Definitions of hare

  1. run quickly; "He hared down the hill" Scrapingweb Dictionary DB
  2. swift timid long-eared mammal larger than a rabbit having a divided upper lip and long hind legs; young born furred and with open eyes Scrapingweb Dictionary DB
  3. flesh of any of various rabbits or hares (wild or domesticated) eaten as food Scrapingweb Dictionary DB
  4. run quickly, like a hare; "He hared down the hill" Wordnet Dictionary DB
  5. To excite; to tease, or worry; to harry. Webster Dictionary DB
  6. A rodent of the genus Lepus, having long hind legs, a short tail, and a divided upper lip. It is a timid animal, moves swiftly by leaps, and is remarkable for its fecundity. Webster Dictionary DB
  7. A small constellation situated south of and under the foot of Orion; Lepus. Webster Dictionary DB
  8. A small animal with long ears and a short tail, larger than a rabbit, and characterized by great timidity. The Winston Simplified Dictionary. By William Dodge Lewis, Edgar Arthur Singer. Published 1919.
  9. A common and very timid animal, with a divided upper lip and long hind-legs, which runs swiftly by leaps. The american dictionary of the english language. By Daniel Lyons. Published 1899.
  10. A timid animal with large ears. The Clarendon dictionary. By William Hand Browne, Samuel Stehman Haldeman. Published 1894.
  11. A swift, timid, longeared rodent with cleft upper lip. The Concise Standard Dictionary of the English Language. By James Champlin Fernald. Published 1919.
  12. A rodent of the genus lepus, with long ears, a short tail, soft hair, and a divided upper lip. Nuttall's Standard dictionary of the English language. By Nuttall, P.Austin. Published 1914.
  13. A common field-animal like a rabbit, but larger, having a divided upper lip and long hind legs. Etymological and pronouncing dictionary of the English language. By Stormonth, James, Phelp, P. H. Published 1874.
  14. (Heb. 'arnebeth) was prohibited as food according to the Mosaic law ( Leviticus 11:6 ; Deuteronomy 14:7 ), "because he cheweth the cud, but divideth not the hoof." The habit of this animal is to grind its teeth and move its jaw as if it actually chewed the cud. But, like the cony (q.v.), it is not a ruminant with four stomachs, but a rodent like the squirrel, rat, etc. Moses speaks of it according to appearance. It is interdicted because, though apparently chewing the cud, it did not divide the hoof. There are two species in Syria, (1) the Lepus Syriacus or Syrian hare, which is like the English hare; and (2) the Lepus Sinaiticus, or hare of the desert. No rabbits are found in Syria. biblestudytools.com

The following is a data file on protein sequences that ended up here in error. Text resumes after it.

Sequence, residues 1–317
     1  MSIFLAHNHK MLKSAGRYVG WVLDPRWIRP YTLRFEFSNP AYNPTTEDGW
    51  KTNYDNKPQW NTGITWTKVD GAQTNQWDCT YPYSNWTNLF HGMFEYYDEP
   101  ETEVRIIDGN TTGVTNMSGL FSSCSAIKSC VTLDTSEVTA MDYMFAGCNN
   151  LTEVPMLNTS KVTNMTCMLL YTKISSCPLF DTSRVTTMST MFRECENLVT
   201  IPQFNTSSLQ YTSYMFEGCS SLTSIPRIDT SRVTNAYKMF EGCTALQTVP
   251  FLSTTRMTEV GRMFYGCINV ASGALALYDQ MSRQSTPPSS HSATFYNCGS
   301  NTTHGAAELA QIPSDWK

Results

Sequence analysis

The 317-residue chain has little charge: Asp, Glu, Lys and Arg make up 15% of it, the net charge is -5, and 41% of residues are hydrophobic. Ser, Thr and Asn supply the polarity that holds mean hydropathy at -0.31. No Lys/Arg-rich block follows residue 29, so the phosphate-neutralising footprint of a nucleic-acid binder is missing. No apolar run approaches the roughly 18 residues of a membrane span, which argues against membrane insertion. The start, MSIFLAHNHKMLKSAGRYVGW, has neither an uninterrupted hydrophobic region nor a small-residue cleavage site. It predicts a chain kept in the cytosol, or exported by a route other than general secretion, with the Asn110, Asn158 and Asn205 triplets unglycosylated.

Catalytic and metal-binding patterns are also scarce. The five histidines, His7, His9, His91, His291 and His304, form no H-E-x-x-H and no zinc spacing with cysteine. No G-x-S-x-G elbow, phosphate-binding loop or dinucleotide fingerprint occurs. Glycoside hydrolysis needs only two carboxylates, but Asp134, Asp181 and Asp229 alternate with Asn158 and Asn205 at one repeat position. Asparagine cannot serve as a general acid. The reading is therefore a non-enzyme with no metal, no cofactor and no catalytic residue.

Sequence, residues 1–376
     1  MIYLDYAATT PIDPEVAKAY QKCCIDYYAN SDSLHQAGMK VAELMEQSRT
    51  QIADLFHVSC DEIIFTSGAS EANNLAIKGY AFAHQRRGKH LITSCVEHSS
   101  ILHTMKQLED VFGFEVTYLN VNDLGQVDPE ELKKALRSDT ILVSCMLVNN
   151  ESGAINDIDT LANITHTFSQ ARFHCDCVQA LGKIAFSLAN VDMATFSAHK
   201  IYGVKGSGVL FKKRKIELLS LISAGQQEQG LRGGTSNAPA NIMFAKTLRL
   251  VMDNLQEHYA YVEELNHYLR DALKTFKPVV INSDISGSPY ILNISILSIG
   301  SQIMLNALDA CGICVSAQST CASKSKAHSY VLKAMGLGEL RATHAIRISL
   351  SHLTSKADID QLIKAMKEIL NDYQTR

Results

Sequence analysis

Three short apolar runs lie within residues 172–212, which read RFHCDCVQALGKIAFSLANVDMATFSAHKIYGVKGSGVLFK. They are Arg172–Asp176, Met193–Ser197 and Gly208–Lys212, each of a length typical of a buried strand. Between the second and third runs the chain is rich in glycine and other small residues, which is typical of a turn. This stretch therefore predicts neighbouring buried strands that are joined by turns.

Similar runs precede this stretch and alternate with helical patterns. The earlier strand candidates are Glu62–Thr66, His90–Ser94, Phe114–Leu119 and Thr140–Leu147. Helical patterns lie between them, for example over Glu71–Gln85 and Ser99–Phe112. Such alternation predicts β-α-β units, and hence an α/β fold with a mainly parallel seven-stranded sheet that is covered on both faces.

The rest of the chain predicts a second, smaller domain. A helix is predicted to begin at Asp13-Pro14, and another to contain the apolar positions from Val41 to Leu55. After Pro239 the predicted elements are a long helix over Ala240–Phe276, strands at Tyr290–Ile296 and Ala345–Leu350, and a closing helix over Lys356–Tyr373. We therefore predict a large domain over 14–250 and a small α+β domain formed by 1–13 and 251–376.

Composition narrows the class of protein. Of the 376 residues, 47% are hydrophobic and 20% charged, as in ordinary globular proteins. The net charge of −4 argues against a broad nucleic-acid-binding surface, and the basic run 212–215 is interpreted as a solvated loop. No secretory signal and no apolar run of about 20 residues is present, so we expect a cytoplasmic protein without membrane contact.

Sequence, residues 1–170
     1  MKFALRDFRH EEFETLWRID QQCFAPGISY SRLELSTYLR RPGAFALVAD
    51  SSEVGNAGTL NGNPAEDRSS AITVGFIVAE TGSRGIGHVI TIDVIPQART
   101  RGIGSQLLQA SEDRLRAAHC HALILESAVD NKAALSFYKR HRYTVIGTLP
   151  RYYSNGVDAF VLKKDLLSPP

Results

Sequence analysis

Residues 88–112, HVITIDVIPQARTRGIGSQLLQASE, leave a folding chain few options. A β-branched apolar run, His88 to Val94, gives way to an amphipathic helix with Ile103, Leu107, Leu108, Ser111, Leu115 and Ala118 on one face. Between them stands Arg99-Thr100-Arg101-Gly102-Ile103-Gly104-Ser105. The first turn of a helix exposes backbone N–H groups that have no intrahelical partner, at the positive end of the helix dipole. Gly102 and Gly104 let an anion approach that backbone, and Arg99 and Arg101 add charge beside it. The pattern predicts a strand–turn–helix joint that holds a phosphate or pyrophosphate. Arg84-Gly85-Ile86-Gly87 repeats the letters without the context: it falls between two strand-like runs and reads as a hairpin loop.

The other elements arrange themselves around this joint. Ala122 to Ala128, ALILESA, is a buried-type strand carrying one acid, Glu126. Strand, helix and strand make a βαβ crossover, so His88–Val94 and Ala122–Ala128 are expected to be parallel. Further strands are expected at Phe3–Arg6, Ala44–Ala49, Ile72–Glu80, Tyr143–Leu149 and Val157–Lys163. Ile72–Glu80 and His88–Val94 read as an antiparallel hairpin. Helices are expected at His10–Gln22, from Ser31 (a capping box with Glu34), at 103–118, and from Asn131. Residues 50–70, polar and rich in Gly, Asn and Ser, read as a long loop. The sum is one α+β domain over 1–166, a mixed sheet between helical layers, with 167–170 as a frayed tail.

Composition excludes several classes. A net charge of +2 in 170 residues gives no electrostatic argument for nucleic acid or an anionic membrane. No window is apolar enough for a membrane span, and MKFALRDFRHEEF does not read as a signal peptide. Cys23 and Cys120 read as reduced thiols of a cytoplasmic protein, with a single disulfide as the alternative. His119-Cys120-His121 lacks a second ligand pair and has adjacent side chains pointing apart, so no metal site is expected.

15. (Heb. arnebeth ) occurs only in ( Leviticus 11:6 ) and Deuteronomy 14:7 amongst the animals disallowed as food by the Mosaic law. The hare is at this day called arnel by the Arabs in Palestine and Syria. It was erroneously thought by the ancient Jews to have chewed the cud. They were no doubt misled as in the case of the shaphfan (hyrax ), by the habit these animals have of moving the jaw about. biblestudytools.com
  16. h[=a]r, n. a common and very timid animal, with a divided upper lip and long hind-legs, which runs swiftly by leaps.--ns. HARE-AND-HOUNDS, a boys' game in which some set off on a long run across country, dropping pieces of paper (the scent) as they go, and others try to overtake, following their trail; HARE'BELL, a plant with blue bell-shaped flowers.--adjs. HARE'-BRAINED, giddy: heedless; HARE'-FOOT, swift of foot like a hare; HAR'ISH, somewhat like a hare.--n. HARE'-LIP, a fissure in the upper human lip like that of a hare.--adj. HARE'-LIPPED.--n. HARE'S'-EAR, a genus of umbelliferous plants having yellow flowers.--FIRST CATCH YOUR HARE, make sure you have a thing first before you think what to do with it--from a direction in Mrs Glasse's cookery-book, where catch, however, was a misprint for 'case'=skin; HOLD WITH THE HARE AND RUN WITH THE HOUNDS, to play a double and deceitful game, to be with both sides at once; JUGGED HARE, hare cut into pieces and stewed with wine and other seasoning; MAD AS A MARCH HARE, from the gambols of the hare during the breeding season. [A.S. hara; Dut. haas, Dan. hare, Ger. hase.] gutenberg.org/ebooks/37683
  17. Rodent quadruped with long ears, short tail& divided upper lip; mad as a March h. (h. in breeding season); (Provencal) first catch your h. (then cook him); hold (or run) with the h. & run (or hunt) with the hounds, keep in with both sides; h. & hounds, paper-chase; harebell, round- leaved bell-flower, also (see BLUE-bell) wild hyacinth; h.-brained, rash, wild; h.-lip, fissure of upper lip; h.\'s-foot, species of clover, (also) corkwood tree. [old English] Concise Oxford Dictionary
  18. (also) h.\'s foot used for applying grease-paint &c. to face. Concise Oxford Dictionary
  19. n. [Anglo-Saxon] A swift, timid rodent, having long hind legs, a short tail, and a divided upper lip;—a constellation situated directly under Orion. Cabinet Dictionary
  20. A small quadruped, remarkable for timidity, vigilance, and fecundity; a constellation. Complete Dictionary

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